When I got to the hotel I found awaiting me a letter from Marjory which had come by the last post. I took it away to my room and locked the door before opening it. It had neither address nor date, and was decidedly characteristic:

"My dear Sir: Mrs. Jack asks me to write for her to say that we shall be leaving Braemar on Tuesday. We shall be staying at the Fife Arms Hotel, and she will be very happy if you will breakfast with us at nine o'clock A. M. Room No. 16. This is all of course in case you care to ride down to Aberdeen. We are breakfasting so early as the ride is long, sixty miles, and Mrs. Jack thinks that I should have a rest at least twice on the way. As I believe you know the road, she will be glad if you will kindly arrange our stopping places. Mrs. Jack will leave Braemar at about three o'clock and drive down to Ballater to catch the half-past five train. She asks me to say that she hopes you will pardon her for the trouble she is giving you, and to impress on you that in case you would rather not come, or should anything occur to prevent you, she will quite understand a telegram with the single word 'regret.' By the way she will be obliged if you will kindly not mention her name-either her surname or her Christian name-before any of the people-strangers or hotel people, at Braemar or during the journey-or indeed during the day. Believe me,

Yours very truly,

"Marjory Anita."

"P.S.-How about the cipher; have you reduced the biliteral, or got any clue yet?

"P.P.S.-I don't suppose that anything, unless it be really serious, will prevent your coming. Mrs. Jack is so looking forward to my having that bicycle ride.

"P.P.P.S.-Have you second-sighted any ships yet? Or any more white flowers-for the Dead?"

For long I sat with the letter in my hand after I had read it over and over again many many times. Each time I read it its purpose seemed more luminous. It may have been that my old habit of a year ago of finding secret meanings in everything was creeping back to me. I thought and thought; and the introspective habit made me reason out causes even in the midst of imaginative flights. "Might not" I thought "it be possible that there be minor forms of Second Sight; Day Dreams based on some great effort of truth. In the r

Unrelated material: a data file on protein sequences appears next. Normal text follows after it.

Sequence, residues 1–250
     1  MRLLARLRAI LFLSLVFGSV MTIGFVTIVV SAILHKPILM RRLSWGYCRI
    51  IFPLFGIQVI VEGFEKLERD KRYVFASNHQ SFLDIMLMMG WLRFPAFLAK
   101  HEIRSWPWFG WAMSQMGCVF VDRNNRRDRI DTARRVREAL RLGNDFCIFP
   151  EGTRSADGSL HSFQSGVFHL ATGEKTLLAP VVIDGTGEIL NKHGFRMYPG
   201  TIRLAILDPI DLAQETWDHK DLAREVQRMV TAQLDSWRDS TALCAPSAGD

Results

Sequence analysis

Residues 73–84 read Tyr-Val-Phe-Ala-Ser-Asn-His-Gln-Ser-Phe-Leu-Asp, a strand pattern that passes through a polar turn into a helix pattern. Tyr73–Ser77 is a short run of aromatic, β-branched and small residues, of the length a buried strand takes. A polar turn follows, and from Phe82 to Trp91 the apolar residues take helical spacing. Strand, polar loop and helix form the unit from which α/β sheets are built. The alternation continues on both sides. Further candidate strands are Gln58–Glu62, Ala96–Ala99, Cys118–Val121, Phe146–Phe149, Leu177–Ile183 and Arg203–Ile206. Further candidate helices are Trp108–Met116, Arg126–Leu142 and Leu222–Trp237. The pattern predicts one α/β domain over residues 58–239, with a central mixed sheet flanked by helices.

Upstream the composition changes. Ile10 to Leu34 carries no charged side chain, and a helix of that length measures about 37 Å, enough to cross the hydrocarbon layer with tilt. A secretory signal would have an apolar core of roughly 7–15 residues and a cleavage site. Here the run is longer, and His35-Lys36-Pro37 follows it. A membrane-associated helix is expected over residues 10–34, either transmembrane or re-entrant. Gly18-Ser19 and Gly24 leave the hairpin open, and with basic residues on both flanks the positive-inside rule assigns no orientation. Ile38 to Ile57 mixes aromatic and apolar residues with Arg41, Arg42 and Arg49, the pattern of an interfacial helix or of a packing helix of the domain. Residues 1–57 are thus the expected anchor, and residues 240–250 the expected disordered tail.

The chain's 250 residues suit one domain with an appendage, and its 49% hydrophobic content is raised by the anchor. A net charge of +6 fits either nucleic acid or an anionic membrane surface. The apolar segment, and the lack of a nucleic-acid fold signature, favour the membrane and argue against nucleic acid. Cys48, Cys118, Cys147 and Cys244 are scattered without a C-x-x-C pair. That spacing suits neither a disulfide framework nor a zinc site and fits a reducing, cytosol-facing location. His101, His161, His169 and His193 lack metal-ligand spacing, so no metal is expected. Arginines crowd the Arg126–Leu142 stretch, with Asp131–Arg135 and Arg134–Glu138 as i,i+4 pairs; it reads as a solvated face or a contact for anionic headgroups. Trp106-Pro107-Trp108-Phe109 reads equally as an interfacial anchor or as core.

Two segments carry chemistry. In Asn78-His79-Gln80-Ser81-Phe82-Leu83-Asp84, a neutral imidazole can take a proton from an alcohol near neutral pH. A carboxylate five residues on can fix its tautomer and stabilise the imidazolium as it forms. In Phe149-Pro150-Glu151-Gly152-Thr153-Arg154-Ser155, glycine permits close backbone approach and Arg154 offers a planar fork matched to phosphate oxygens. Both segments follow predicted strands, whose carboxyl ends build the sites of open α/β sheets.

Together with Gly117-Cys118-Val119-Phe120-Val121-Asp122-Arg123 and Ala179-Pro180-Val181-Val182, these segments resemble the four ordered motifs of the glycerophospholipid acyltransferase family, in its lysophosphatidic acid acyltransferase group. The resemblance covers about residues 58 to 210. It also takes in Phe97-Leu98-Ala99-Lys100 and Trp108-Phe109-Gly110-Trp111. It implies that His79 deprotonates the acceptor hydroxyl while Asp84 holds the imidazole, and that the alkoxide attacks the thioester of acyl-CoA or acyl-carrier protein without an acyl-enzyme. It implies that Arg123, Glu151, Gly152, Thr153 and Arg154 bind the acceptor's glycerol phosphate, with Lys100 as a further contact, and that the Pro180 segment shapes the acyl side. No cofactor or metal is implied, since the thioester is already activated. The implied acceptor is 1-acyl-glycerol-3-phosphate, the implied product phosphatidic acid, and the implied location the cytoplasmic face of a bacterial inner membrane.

eal world there are manifestations of life in lower as well as higher forms; and yet all alike are instinct with some of that higher principle which divides the quick and the dead. The secret voices of the brain need not always speak in thunder; the Dream-Painter within us need not always have a full canvas for the exercise of his craft."

On Tuesday morning when at nine o'clock to the minute I went to the Fife Arms at Braemar, I found Marjory alone. She came forward with a bright, frank smile and shook hands. "It's real good to see you" was all she said. Presently she added:

"Mrs. Jack will be here in a minute or two. Before she comes, it is understood that between this and Aberdeen and indeed for to-day, you and I are only to be comrades."

"Yes!" said I, and then added: "Without prejudice!" She showed her pearly teeth in a smile as she answered:

"All right. Without prejudice! Be it so!" Then Mrs. Jack came in, and having greeted me warmly, we sat down to breakfast. When this was over, Marjory cut a good packet of sandwiches and tied them up herself. These she handed to me saying:

"You will not mind carrying these. It will be nicer having our lunch out than going to a hotel; don't you think so?" Needless to say I cordially acquiesced. Both our bicycles were ready at the door, and we lost no time in getting under weigh. Indeed my companion showed some anxiety to be off quickly, as though she wished to avoid observation.

The day was glorious. There was bright sunshine; and a sky of turquoise with here and there a flock of fleecy clouds. The smart easterly breeze swept us along as though we were under sail. The air was cool and the road smooth as asphalt, but with the springiness of well-packed gravel. With the least effort of pedalling we simply seemed to fly. I could see the exhilaration on my companion's face as clearly as I could feel it in my own nature. All was buoyancy, above, below, around us; and I doubt if in all the wide circle of the sun's rays there were two such glad hearts as Marjory's and my own.